The PowerPoint Cure


At Active Presence we like PowerPoint - many of our clients feel most comfortable using the software and the results can be great if used correctly. However, the results only flourish when the tool is used correctly .

Launched over 20 years ago, PowerPoint quickly established itself as the 'business graphics' program of choice - replacing overhead projectors &  transparencies. Sadly with this transition, a very important item in the presenter's arsenal was lost - the script!

If you've used overhead transparencies, you'll recall that along with the transparencies themselves, the box also contained the presenter's script. The script was  there to ensure message consistency regardless of presenter. It also meant that the graphics were designed for the benefit of the audience. 

When PowerPoint was initially launched many people struggled to adapt to the new technology. Microsoft's solution was to create template slides containing a title and a bullet point list. Sadly, this 'solution' resulted in creative, effective presentations being buried under a wave of meaningless, ineffective bullet-point slides.

This need not be the case. If used correctly, PowerPoint can be an effective tool for producing highly effective presentations - either for main stage use, or in support of sales campaigns.

Here are our top three tips for highly effective graphics:

Ditch Bullet Point Lists

Bullet point lists don't work. They distract the audience from what they should be doing - listening to you. 

If you're talking when your audience is reading, your message will be lost somewhere in the middle.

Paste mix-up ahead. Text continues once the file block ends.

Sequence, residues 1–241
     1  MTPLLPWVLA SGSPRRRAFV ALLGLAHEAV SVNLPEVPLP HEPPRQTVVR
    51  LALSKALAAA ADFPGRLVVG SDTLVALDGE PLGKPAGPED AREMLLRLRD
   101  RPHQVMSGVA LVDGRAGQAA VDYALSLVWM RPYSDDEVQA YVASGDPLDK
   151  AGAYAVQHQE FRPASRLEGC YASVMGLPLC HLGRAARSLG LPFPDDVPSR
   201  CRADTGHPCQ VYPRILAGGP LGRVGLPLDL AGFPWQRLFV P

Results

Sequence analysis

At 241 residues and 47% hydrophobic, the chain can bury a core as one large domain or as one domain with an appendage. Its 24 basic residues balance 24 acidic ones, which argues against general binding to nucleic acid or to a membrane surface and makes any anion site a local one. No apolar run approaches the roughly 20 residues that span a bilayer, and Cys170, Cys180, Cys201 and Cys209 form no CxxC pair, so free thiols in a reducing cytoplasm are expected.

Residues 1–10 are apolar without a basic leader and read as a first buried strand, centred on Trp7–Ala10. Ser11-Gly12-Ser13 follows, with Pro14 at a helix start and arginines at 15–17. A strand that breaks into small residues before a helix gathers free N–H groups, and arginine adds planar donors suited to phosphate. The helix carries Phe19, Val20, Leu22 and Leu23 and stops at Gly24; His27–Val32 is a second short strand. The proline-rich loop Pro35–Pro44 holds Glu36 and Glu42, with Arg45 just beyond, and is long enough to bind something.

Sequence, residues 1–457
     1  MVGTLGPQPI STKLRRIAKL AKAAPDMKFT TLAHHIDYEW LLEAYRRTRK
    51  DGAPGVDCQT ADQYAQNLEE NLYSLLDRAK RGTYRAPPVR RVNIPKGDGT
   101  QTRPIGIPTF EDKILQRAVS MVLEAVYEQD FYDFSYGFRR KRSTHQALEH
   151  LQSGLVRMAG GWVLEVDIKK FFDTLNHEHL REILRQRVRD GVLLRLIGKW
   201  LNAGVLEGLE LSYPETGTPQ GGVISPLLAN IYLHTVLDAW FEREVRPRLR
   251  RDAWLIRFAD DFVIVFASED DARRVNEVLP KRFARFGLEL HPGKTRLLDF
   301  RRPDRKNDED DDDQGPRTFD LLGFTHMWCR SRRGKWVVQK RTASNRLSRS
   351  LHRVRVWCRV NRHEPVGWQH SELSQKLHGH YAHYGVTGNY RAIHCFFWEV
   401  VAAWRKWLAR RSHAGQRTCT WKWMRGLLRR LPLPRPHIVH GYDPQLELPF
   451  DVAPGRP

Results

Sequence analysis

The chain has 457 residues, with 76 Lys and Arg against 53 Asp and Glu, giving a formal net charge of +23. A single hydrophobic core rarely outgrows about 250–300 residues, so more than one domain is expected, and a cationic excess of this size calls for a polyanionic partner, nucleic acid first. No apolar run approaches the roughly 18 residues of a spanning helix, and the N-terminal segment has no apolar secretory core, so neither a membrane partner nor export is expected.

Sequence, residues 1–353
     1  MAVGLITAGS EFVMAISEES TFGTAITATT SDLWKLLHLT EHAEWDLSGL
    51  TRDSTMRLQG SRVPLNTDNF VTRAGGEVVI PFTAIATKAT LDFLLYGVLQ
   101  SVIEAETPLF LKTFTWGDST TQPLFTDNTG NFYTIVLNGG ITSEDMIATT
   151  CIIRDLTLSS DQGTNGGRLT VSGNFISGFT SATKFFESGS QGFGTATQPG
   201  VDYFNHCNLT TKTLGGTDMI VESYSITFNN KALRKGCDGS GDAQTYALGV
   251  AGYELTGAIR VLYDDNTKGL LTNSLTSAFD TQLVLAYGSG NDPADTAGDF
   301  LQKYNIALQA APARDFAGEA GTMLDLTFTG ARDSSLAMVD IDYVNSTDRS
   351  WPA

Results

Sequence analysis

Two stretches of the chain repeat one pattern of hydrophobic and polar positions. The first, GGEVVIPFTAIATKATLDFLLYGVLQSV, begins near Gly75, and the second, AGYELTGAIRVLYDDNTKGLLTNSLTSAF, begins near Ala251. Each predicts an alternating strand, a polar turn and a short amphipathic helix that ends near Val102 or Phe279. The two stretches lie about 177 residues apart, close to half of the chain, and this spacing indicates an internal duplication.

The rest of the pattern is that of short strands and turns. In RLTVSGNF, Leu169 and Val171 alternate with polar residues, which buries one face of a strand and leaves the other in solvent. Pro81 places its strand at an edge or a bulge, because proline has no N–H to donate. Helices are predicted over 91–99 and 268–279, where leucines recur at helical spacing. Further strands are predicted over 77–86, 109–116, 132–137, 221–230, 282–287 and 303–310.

Too often presenters use their slides as prompt cards - as a reminder of what they should be talking about. If the presenter needs them, he or she is displaying disrespect for the audience through lack of adequate preparation.  

If your script is on the screen, your mistakes will be obvious and will undermine your message. Your visuals should support what you are saying - good slides only make sense once explained.

Don't Show Them Everything at Once

You probably carried on reading that thick novel because you want to find out what happens next, or tuned in to your favourite TV series because you were left on a cliff hanger in the previous episode. Well, your presentation slides should use this same trick.

Slowly build the slide (using animations and transitions) as you develop your story. Resist the temptation to lay out the whole story on one slide, and then expect people to remain interested as you 'waffle' on. 

Avoid Distracting Graphics

We often see slides packed full of colour, exciting 3D graphics and quirky pictures. However, do they do a good job of communicating the presenter's message. 'Less is more' is a pretty good mantra to remember.

The simplest messages are often the most easily remembered. Bear in mind that your message is a combination of you and your slides - what you say needs to work with what you show.

In keeping with the 'less is more' theme, there is little benefit in having your company logo on every slide. If you have to remind your audience who you represent on every side , you have a much larger marketing problem to resolve. 


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